‘The Turn of the Key’ Cleverly Remixes the Master
Just in time for Labor Day comes The Turn of the Key, a creeptastic new book from Ruth Ware—author of The Woman in Cabin 10 and The Death of Mrs. Westaway—that you’ll definitely want to read on the beach, in broad daylight, preferably with a cold dose of liquid courage in hand. If you’re spending your long weekend in an isolated country house or the misty Scottish highlands, give The Turn of the Key a hard pass.
In this bold contemporary reboot of Henry James’s The Turn of the Screw, Ware doesn’t so much turn the screw as remix it. She takes James’s young governess, troubled children, absentee parents, and sinister servants and transplants them to the twenty-first century, where, it turns out, they’re right at home. The governess is now a nanny, and technology haunts remote Heatherbrae House. The Victorian ruin has been fully renovated as a “smart” house, its lovingly restored period details bisected by a modern glass extension, “like a patient who looked well enough above their clothes but lift their shirt and you would find their wounds had been left unstitched, bleeding out.” If the heroine feels like she’s being watched or hearing voices, it’s because she definitely is; every room is equipped with surveillance cameras and voice-activated technology linked to “Happy,” an app that’s anything but.
Disgruntled daycare worker Rowan Caine’s new position—as the overcompensated live-in nanny to the four daughters of globe-trotting husband-and-wife architects—seems too good to be true, and it is. It’s no spoiler to say that one of the kids ends up dead; like James’s 1898 novella, the story is a “found” manuscript, recounted in flashbacks. The question that keeps the reader turning the pages in The Turn of the Key is: which kid? And how? Rowan is clearly an unreliable narrator, but is she a murderous one?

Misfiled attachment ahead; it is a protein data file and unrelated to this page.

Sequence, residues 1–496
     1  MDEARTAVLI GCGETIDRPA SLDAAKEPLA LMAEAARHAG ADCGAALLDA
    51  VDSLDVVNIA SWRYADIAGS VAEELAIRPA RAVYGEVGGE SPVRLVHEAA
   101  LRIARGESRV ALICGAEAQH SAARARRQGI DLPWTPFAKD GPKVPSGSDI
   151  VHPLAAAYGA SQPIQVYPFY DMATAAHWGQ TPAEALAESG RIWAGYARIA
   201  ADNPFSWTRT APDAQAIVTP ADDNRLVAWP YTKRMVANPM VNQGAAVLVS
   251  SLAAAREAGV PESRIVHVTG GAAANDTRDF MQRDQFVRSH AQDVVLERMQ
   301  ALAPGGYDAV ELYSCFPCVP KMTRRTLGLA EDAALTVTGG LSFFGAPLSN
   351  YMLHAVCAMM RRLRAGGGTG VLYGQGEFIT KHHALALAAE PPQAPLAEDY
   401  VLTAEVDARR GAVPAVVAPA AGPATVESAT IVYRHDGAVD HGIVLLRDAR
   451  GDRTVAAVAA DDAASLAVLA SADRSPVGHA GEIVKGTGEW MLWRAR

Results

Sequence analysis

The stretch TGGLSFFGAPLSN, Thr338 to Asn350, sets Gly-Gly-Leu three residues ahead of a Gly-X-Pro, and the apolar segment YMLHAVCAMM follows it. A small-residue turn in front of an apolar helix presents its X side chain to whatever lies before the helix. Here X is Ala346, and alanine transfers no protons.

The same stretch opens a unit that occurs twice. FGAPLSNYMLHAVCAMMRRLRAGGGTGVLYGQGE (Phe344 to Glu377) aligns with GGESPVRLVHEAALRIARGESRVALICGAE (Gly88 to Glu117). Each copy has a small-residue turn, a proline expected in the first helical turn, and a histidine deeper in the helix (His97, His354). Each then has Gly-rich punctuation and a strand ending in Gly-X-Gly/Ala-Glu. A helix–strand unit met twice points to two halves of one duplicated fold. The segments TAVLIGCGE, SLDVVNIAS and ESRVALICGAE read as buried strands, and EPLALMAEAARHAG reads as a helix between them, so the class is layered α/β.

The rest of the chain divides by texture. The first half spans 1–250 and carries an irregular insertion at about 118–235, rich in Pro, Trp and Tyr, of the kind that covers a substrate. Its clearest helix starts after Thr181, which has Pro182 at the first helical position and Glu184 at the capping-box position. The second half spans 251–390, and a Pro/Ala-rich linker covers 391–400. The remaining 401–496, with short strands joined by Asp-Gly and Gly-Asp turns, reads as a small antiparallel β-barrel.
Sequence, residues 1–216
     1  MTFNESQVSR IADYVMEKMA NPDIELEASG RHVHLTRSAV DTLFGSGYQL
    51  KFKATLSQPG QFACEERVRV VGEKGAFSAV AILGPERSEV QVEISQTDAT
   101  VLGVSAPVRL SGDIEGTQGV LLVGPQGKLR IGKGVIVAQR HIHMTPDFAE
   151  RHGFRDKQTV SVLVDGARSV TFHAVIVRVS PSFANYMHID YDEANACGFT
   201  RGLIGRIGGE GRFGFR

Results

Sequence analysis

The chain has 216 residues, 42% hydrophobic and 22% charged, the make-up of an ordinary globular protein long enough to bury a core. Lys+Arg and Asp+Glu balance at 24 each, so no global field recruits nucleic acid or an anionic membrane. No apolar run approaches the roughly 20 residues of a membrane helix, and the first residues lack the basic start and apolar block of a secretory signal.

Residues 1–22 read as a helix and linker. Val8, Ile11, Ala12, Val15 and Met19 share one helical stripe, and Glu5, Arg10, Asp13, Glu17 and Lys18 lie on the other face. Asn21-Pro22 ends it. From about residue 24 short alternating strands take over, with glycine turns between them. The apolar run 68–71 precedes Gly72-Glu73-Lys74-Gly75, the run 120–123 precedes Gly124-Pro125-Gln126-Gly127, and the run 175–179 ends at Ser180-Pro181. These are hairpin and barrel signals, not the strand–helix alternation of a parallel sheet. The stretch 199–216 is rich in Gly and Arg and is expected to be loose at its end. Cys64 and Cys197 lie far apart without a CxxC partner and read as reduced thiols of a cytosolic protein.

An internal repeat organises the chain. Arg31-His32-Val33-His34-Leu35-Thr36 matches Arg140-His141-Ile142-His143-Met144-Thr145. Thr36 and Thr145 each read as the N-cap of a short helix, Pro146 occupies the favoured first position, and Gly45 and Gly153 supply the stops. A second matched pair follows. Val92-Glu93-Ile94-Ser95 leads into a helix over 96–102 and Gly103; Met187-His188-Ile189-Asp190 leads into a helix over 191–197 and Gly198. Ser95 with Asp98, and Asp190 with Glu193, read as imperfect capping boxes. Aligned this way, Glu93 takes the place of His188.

She’s certainly determined to ignore the kinds of red flags that sent the family’s previous nannies fleeing: creaking floorboards, eerie antique dolls, disappearing keys, a secret garden. “Having the bad luck to engage one nervous, superstitious employee seemed quite likely,” she muses. “Getting four in a row seemed . . . less so.” Nevertheless, Rowan insists: “I was not a superstitious person. And so the legends of the house didn’t bother me at all, in fact the whole idea of nannies and servants driven out by mysterious spooky happenings seemed more than a little ridiculous—almost Victorian.”
But as she navigates the transition from nursery to nannying, with all the intimacy and intensity that implies, Rowan experiences true horror in the form of the sleeplessness, messiness, occasional violence, and unending drudgery of round-the-clock childcare. “Being with the girls all day from sunup to sunset was exhausting in a completely different way to the nursery, a way I hadn’t fully anticipated or understood until now,” Rowan confesses. “It was the way it stretched, endlessly, the way the needing never stopped, and there was never a moment when you could hand them over to your colleague and run away for a quick fag break to just be yourself. I was never off duty here.”
The onslaught of mundane and seemingly supernatural evils is enough to drive anyone—the reader included—over the edge, but the true secret of Heatherbrae House’s staffing issues, when Ware reveals it, is at once timelessly banal and unexpectedly far-reaching. (There are echoes of The Suspicions of Mr. Whicher, an excellent true-Victorian-crime book.) While James famously left his ghost story ambiguous, Ware wraps everything up neatly, in the classic Gothic tradition. All the bumps in the night turn out to have perfectly logical, if disconcerting, explanations. But The Turn Of The Key will keep you guessing until the devastating last page. And it’s as haunting as anything James ever conjured up.
(Gallery/Scout Press, August 6, 2019)